The effect of group size on vigilance in a semi-solitary, fossorial marsupial (Lasiorhinus latifrons)

Descovich, Kristin A., Lisle, Allan T., Johnston, Stephen and Phillips, Clive J. C. (2013) The effect of group size on vigilance in a semi-solitary, fossorial marsupial (Lasiorhinus latifrons). Behavioural Processes, 100 208-213. doi:10.1016/j.beproc.2013.09.015

Author Descovich, Kristin A.
Lisle, Allan T.
Johnston, Stephen
Phillips, Clive J. C.
Title The effect of group size on vigilance in a semi-solitary, fossorial marsupial (Lasiorhinus latifrons)
Journal name Behavioural Processes   Check publisher's open access policy
ISSN 0376-6357
Publication date 2013-01-01
Year available 2013
Sub-type Article (original research)
DOI 10.1016/j.beproc.2013.09.015
Open Access Status Not yet assessed
Volume 100
Start page 208
End page 213
Total pages 6
Place of publication Amsterdam, The Netherlands
Publisher Elsevier BV
Language eng
Subject 1103 Clinical Sciences
2802 Behavioral Neuroscience
Abstract Prey species that congregate gain protection against predatory attacks and this advantage is often reflected by a reduction in vigilance behaviour by individuals in larger groups. Comparatively few studies have investigated vigilance in solitary animals, but those that have, found that vigilance increases as group size increases because of the threat posed by conspecifics and/or competition for resources. The southern hairy-nosed wombat (Lasiorhinus latifrons) is a large fossorial, nocturnal marsupial that is neither strictly solitary nor gregarious, sharing warren systems with multiple conspecifics. We investigated the effects of conspecific presence on vigilance behaviour in this semi-solitary species. We observed wild-born, adult L. latifrons wombats in three group sizes (Large (1♂, 3♀), Medium (1♂, 2♀) and Small (1♂, 1♀)) in a captive, naturalistic environment that allowed above-ground and den behaviour monitoring. Vigilance behaviours were performed less frequently by wombats in large groups (e.g. scanning, counts/day, Large: 55, Medium: 69, Small: 115, P=0.002) and more frequently as the distance from their nearest conspecific increased (r64=0.30, P= 0.016). Vigilance within burrows was also affected by social influences, with solitary wombats significantly more vigilant than those denning with a conspecific (e.g. scanning: conspecific absent: 0.13/5min, present: 0.03/5min, P<0.0001). It is concluded that the presence of conspecifics reduces vigilance in L. latifrons wombats, even within burrows, and this may partially explain the occurrence of warren sharing in the wild.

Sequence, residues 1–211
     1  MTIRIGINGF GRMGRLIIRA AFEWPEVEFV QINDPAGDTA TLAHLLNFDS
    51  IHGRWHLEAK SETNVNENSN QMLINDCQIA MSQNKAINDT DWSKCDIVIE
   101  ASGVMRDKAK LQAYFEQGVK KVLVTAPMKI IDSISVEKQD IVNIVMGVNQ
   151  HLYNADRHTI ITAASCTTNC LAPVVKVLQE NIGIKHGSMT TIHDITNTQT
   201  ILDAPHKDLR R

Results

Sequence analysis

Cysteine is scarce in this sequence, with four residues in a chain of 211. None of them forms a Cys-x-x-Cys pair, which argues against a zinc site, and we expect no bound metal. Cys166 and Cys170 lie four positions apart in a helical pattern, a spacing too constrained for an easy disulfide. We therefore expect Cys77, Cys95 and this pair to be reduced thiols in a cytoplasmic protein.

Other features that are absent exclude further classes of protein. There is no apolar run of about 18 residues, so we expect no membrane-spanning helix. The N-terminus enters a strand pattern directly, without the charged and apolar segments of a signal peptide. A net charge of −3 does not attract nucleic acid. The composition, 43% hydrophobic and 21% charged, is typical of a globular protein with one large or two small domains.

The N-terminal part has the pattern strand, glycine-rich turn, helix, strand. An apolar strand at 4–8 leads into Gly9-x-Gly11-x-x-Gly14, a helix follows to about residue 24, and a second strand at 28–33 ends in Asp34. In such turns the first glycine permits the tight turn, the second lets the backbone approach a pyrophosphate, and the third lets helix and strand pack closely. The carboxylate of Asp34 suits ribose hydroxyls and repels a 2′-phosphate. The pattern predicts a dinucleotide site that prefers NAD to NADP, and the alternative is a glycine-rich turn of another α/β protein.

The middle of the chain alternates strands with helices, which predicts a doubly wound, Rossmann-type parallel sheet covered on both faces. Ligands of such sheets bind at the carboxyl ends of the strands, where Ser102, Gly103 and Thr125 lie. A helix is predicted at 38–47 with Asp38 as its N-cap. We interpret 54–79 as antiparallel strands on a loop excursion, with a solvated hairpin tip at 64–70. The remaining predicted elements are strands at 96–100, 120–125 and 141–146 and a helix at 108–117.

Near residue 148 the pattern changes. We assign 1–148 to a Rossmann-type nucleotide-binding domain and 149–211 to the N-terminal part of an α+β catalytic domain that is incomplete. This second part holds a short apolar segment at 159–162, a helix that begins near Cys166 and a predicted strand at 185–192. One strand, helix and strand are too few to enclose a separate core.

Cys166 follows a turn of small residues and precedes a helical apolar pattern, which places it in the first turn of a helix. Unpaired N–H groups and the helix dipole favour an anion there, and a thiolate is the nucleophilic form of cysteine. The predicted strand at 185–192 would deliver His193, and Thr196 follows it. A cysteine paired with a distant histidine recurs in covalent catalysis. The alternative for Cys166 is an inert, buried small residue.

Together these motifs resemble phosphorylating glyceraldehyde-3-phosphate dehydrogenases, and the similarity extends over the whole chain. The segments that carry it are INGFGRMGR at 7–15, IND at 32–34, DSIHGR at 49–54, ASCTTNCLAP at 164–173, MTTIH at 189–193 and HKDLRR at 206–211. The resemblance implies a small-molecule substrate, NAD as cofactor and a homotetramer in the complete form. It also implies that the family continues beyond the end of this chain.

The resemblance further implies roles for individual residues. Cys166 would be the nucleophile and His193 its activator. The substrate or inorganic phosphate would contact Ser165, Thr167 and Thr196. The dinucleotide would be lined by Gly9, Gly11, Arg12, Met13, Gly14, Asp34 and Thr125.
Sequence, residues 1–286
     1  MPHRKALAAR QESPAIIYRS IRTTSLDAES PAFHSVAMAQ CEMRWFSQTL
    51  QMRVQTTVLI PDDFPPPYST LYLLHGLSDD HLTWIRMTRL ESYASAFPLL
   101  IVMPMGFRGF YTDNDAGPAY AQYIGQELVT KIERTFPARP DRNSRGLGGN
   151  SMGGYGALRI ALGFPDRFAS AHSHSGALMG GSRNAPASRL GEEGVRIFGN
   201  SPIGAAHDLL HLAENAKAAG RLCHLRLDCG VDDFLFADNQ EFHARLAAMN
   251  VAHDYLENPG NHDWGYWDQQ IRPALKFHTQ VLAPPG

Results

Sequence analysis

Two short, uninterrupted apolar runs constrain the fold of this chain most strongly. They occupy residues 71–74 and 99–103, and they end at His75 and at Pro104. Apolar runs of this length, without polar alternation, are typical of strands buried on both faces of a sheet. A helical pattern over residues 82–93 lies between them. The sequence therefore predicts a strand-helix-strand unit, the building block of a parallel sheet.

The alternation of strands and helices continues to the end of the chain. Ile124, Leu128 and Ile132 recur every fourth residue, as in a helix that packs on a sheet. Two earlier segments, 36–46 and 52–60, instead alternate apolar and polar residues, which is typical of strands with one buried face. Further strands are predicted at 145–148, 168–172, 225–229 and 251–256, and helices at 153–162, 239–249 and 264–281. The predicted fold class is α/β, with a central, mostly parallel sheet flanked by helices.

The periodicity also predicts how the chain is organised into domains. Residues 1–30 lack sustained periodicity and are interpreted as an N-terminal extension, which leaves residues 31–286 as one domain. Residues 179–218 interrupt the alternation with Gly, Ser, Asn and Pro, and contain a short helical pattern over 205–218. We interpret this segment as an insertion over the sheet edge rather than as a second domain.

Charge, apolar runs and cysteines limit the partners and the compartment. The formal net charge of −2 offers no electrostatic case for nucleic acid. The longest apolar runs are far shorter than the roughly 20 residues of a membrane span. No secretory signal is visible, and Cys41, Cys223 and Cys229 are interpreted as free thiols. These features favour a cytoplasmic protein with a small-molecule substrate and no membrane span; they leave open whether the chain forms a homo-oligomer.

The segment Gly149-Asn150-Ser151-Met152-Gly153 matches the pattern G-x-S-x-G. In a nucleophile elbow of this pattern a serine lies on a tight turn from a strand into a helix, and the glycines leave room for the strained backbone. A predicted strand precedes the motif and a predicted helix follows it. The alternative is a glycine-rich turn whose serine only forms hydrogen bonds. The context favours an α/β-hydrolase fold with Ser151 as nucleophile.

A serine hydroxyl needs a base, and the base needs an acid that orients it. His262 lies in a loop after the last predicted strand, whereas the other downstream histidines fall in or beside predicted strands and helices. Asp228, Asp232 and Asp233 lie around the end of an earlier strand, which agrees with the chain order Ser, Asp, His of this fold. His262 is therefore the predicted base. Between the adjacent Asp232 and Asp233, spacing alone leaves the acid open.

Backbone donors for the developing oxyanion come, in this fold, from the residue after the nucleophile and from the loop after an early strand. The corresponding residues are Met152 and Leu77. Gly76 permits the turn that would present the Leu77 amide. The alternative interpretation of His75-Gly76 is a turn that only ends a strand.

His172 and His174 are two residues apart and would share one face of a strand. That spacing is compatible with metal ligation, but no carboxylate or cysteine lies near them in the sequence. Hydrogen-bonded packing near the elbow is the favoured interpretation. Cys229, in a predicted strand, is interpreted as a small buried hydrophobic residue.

Keyword Burrow
Group size
Q-Index Code C1
Q-Index Status Confirmed Code
Institutional Status UQ

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